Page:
An Open Letter to the Chromium Team About Their Proposed Changes to the WebExtension Standard

Hi Chrome WebExtensions Team,

I’m Dan Finlay, a lead developer at MetaMask. We’re a chrome extension crypto wallet and account manager with about a million active installs.

I’m writing to raise a concern with Chromium Issue 896897, Implement Manifest v3 for Chromium extensions. I commented there, but I am re-publishing here for the sake of more easily linking to our specific concerns (especially since there are so many concerns being expressed regarding those changes).

We would like the v3 manifest format to not be pushed to production in its current form until support for the FrozenRealms specification has been included, or at least iFrame API support is kept in the background script context, allowing extensions to run foreign scripts in an isolated environment.

Most of the WebExtensions representing this perspective are plugin systems like GreaseMonkey, which increase security by limiting its extensions’ access to the DOM. In addition to plugin systems, I’d like to share another security concern related to these changes.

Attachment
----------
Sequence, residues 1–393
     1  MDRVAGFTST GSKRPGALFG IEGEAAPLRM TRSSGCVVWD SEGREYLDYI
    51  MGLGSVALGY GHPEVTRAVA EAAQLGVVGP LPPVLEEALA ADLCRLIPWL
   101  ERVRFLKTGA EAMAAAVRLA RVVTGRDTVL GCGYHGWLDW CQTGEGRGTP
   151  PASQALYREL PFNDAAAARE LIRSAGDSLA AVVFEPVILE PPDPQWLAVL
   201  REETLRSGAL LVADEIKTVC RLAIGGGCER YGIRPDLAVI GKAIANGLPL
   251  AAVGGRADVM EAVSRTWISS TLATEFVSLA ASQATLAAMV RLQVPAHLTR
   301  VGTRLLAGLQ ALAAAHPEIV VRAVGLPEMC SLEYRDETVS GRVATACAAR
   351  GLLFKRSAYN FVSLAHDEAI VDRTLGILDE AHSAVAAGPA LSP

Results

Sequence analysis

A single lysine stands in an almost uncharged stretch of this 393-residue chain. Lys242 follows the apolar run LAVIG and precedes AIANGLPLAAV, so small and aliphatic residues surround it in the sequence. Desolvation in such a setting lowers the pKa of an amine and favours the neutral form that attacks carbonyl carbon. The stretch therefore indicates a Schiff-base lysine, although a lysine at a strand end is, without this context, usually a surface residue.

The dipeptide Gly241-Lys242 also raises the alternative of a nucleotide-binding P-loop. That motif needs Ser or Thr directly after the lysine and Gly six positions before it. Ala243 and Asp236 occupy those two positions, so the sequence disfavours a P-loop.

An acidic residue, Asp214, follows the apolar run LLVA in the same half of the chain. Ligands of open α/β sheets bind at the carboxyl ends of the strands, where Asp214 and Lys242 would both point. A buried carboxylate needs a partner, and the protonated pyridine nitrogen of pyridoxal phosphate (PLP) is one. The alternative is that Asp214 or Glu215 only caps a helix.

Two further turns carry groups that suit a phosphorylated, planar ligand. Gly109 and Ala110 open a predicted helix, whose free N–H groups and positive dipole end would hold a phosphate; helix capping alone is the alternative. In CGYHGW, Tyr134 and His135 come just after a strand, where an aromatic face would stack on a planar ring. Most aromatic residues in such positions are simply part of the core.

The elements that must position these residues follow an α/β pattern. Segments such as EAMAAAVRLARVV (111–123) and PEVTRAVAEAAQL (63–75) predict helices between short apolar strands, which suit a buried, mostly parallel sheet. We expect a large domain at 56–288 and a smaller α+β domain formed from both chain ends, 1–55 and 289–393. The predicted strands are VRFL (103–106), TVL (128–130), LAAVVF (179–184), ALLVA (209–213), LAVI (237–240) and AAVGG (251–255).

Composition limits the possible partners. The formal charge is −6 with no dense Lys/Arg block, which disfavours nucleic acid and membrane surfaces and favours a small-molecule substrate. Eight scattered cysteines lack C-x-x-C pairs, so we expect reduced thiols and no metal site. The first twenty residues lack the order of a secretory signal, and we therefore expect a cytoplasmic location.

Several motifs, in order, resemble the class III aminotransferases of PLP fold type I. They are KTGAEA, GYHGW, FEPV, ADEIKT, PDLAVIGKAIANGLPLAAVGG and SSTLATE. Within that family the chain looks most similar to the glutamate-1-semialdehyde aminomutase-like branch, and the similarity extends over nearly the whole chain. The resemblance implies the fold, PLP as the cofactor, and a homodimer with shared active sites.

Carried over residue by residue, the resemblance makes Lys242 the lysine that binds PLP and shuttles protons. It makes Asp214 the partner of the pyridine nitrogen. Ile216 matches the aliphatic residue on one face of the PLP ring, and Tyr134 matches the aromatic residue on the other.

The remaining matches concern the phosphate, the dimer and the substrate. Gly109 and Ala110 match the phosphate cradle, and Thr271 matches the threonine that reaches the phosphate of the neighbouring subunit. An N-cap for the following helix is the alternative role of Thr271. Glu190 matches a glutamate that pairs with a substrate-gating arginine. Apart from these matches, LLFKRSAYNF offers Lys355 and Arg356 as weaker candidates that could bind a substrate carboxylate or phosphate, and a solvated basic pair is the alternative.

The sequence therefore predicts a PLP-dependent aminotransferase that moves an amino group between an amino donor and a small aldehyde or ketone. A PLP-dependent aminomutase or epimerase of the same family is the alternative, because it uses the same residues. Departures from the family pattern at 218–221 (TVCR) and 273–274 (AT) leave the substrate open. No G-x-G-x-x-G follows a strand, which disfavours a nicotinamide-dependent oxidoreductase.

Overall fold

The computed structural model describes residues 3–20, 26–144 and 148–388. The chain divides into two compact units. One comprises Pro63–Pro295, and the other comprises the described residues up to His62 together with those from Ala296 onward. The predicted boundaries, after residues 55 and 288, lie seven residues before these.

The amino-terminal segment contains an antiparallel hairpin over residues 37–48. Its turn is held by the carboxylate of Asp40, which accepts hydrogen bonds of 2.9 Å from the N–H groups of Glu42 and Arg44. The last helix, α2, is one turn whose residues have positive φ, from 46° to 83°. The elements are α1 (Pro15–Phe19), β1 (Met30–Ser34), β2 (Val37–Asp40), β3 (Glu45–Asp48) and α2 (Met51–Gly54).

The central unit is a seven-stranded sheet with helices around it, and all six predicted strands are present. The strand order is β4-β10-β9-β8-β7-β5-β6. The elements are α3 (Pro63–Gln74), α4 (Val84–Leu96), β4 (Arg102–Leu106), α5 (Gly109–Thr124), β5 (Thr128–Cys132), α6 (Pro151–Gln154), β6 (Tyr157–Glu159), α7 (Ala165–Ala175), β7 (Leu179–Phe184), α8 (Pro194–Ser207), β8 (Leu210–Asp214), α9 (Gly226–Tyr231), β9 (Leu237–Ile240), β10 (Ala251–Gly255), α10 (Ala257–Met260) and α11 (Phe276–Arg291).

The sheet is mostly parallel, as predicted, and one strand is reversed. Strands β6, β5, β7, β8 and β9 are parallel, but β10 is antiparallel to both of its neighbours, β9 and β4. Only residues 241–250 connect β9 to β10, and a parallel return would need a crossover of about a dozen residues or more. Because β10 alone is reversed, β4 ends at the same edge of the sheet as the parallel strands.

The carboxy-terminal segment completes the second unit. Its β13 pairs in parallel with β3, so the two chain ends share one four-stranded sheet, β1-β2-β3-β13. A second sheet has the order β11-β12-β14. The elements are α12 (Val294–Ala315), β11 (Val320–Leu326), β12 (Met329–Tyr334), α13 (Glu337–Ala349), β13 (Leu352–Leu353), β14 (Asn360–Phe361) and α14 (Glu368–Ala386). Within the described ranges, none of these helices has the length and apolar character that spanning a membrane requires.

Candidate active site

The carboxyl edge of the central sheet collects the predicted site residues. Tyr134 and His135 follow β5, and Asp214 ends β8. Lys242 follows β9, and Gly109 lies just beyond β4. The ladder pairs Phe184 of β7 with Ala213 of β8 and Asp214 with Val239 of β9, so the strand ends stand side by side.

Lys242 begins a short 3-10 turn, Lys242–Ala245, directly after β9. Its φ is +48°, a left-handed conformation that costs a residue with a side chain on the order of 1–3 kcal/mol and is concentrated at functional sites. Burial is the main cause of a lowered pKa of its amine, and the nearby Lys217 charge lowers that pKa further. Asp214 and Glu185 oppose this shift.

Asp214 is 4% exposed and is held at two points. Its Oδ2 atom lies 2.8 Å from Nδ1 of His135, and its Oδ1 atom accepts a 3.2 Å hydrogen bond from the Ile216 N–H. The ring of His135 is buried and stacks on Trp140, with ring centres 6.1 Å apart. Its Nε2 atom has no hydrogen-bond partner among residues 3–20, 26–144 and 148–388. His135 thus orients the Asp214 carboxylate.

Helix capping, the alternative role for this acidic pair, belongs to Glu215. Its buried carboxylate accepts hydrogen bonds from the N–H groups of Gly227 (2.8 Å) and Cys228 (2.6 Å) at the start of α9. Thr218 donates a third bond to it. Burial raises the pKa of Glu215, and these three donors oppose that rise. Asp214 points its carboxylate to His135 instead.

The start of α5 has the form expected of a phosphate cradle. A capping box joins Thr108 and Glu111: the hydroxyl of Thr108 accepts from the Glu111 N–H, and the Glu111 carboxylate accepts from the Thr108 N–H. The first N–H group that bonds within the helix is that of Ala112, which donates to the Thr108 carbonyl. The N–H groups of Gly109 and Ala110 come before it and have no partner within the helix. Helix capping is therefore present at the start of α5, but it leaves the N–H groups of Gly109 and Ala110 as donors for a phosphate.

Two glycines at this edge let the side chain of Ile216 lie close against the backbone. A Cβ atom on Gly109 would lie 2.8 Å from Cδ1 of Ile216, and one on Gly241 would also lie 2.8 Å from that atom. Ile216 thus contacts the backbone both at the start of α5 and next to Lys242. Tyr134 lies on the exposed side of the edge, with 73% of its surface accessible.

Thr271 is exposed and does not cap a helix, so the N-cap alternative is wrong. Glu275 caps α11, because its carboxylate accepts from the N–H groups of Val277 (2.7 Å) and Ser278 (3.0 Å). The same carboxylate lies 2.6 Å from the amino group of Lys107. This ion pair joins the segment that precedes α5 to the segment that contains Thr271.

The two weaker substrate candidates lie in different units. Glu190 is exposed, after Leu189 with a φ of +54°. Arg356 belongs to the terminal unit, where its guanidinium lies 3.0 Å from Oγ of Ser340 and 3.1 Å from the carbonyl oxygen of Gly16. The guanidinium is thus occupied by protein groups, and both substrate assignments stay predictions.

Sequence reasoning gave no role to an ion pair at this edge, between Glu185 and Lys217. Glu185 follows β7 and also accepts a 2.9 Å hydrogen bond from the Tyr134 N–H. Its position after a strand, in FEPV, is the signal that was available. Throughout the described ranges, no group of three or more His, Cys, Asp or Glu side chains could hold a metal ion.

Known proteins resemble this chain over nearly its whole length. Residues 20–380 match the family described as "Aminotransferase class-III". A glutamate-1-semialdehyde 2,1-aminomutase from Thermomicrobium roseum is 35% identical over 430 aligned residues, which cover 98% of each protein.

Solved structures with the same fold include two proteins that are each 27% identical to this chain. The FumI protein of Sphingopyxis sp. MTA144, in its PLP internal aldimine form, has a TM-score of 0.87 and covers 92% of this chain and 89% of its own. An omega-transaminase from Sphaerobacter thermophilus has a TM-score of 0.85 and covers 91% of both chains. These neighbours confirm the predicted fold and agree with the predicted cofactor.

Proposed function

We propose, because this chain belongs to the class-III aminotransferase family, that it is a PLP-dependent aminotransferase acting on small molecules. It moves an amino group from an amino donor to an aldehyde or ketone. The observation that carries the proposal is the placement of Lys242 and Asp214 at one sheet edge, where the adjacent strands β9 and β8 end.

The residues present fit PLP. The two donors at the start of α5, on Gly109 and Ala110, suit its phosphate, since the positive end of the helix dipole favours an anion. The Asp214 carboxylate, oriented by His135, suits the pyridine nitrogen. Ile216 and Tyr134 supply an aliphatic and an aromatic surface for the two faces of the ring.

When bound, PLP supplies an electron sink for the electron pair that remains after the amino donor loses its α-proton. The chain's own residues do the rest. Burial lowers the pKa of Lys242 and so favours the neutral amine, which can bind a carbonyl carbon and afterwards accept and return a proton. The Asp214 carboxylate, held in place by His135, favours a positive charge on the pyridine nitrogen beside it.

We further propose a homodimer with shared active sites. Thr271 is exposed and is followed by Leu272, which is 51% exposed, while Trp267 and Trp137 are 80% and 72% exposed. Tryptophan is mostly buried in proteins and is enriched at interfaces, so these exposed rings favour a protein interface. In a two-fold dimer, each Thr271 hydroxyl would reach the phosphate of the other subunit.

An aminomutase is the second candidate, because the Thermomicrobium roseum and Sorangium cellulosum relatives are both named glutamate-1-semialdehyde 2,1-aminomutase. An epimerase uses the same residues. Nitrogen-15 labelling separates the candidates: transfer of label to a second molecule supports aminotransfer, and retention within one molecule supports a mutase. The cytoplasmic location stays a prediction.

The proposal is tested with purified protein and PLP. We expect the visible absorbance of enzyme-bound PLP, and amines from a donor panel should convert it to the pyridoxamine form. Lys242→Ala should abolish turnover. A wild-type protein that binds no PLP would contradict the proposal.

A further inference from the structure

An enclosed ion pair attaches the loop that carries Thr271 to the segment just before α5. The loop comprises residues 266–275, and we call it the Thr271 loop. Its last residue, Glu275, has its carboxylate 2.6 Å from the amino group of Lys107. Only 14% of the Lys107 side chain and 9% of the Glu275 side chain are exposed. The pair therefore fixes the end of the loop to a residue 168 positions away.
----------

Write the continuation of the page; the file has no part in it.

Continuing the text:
We have been working on using Agoric’s SES (Secure EcmaScript) to better isolate our dependencies, to reduce the risk of dependency-based thefts like the CoPay Dash event-stream hack, as suggested by Zooko Wilcox. SES was derived from Google’s own Caja project.

Currently Agoric’s SES relies on a polyfill of the Realms API that relies on the iFrame API, which is not available in ServiceWorkers at this time, which the proposed manifest v3 currently requires all background scripts to be.

All we really need is the FrozenRealms API, since it’s the simplest way to truly isolate foreign code in a secure way, but keeping iFrame support would at least let us continue using the SES Realms polyfill.

Our background script must handle user keys which manage cryptocurrency accounts, often the most security sensitive bits of data on the user’s entire computer, so it should be understandable that we care very much about the security available to the background script in particular.

Thanks for your time,

Dan Finlay and Aaron Davis,
MetaMask